Local lawmakers help set Walker’s jobs agenda
Written by Nathan Vine, Stevens Point Journal Media
Bills written by two central Wisconsin lawmakers are helping shape Gov. Scott Walker’s jobs agenda for the 2013-14 legislative session.
Speaking Wednesday at the third annual Governor’s Small Business Summit at the Holiday Inn and Convention Center in Stevens Point, Walker highlighted eight bills – including one authored by Rep. Katrina Shankland and another by Rep. Scott Krug – that focused on workforce development. The bills call for $8.5 million in new state funding, and build upon $100 million already committed to workforce development in the 2013-15 state budget.
A bill co-written by Shankland, D-Stevens Point, would invest nearly $4 million in state funds for vocational rehabilitation services for people with special needs. The investment is expected to be matched with $14 million in federal funding over the next two years.
nd said the bill would help disabled people with job searches and help them with transportation and other assistance when they do find jobs. She said that up to 4,000 people could receive assistance through the bill during the next two years.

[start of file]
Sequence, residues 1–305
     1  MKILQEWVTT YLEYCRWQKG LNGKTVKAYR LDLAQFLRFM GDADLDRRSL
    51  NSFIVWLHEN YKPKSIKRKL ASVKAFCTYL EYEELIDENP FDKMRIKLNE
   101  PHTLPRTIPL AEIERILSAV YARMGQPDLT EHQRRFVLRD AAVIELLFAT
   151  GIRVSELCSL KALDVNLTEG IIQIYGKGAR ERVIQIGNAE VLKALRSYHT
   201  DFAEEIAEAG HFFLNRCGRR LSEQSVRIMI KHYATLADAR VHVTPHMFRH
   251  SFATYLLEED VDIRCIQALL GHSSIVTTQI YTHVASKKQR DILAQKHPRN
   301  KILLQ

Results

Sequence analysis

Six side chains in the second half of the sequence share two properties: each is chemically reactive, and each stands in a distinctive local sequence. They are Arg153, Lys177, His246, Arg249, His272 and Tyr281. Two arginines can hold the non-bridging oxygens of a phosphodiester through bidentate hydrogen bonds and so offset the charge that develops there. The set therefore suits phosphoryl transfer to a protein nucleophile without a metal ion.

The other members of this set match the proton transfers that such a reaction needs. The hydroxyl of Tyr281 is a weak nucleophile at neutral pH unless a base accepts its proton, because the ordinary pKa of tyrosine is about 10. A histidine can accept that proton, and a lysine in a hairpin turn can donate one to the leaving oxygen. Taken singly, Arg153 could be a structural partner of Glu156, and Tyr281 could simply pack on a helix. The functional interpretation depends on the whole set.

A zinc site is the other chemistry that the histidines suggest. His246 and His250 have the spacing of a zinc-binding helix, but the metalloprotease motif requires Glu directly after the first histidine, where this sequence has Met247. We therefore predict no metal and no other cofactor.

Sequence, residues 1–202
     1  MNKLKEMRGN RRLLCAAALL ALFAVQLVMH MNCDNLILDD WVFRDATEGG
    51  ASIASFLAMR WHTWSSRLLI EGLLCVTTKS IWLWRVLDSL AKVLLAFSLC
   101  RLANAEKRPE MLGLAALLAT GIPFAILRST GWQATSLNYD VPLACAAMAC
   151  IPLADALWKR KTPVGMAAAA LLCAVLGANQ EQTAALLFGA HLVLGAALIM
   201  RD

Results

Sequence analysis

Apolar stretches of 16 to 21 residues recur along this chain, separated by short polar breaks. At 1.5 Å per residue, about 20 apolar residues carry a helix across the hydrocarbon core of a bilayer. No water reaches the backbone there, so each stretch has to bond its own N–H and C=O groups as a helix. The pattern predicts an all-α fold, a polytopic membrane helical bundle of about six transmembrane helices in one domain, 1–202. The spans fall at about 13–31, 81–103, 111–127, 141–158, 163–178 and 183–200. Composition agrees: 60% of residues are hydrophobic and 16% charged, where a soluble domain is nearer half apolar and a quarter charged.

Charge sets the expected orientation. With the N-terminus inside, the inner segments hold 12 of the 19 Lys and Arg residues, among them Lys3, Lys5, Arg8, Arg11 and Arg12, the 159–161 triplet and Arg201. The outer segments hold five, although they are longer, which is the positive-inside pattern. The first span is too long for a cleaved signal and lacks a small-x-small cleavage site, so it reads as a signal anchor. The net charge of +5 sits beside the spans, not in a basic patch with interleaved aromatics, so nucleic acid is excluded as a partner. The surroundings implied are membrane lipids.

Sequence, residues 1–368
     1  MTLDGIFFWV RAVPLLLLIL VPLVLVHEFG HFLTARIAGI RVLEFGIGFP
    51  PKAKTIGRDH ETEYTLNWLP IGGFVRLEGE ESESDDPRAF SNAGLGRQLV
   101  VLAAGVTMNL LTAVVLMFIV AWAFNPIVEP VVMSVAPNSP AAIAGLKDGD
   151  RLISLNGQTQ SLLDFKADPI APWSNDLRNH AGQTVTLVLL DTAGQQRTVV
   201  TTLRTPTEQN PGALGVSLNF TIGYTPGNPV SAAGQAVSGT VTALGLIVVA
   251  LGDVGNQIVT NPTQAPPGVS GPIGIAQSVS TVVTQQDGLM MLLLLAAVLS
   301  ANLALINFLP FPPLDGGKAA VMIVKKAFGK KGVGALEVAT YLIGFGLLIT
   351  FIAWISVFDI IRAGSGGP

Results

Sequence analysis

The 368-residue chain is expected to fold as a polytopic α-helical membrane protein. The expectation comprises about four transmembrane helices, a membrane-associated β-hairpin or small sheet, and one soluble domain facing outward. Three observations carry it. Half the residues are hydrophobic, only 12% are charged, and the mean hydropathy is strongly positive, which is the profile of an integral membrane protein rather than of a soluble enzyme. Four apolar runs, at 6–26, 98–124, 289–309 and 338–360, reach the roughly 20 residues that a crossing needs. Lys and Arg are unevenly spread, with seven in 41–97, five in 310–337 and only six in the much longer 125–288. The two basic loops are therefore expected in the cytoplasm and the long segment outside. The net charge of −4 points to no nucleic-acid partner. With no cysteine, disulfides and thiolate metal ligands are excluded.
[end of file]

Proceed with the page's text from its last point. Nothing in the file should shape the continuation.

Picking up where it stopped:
“From the numbers perspective, the bill is a no-brainer because of the federal funding we could receive,” Shankland said. “Getting people with special needs the assistance they need to get into the workforce will help the economy, and I’m pleased that the governor is supporting it.”
A bill co-authored by Krug, R-Rome, would create the Technical Excellence Higher Education Scholarship, which would be awarded to top high school technical-education students.
The state currently has a similar scholarship, the Academic Excellence Higher Education Scholarship, that awards cash to high school students with the highest grade point averages in each public and private school throughout the state. The governor’s office said just 16 of 726 students used their scholarships to attend state technical schools in the 2012-13 school year.
 “We need to address the skills gap in the state, and that means helping students who are interested in a trade go on to a technical school and build their skills,” Krug said.
Local school boards would set criteria for winning the new scholarships, which first would be awarded in the 2015-16 school year.
Walker said the bills package represents his goal for workforce development, which is to get people off of unemployment benefits.
“There are two ways to put not only you as small-business owners, but your potential employees in a better position,” Walker said to the crowd at Wednesday’s summit. “We can help create a better business climate, which in many cases is us getting out of the way. The other part is us being a better partner with you by making sure every kid in the state has access to a great educational system and improving how we run programs that help people in temporary need of assistance from the government.”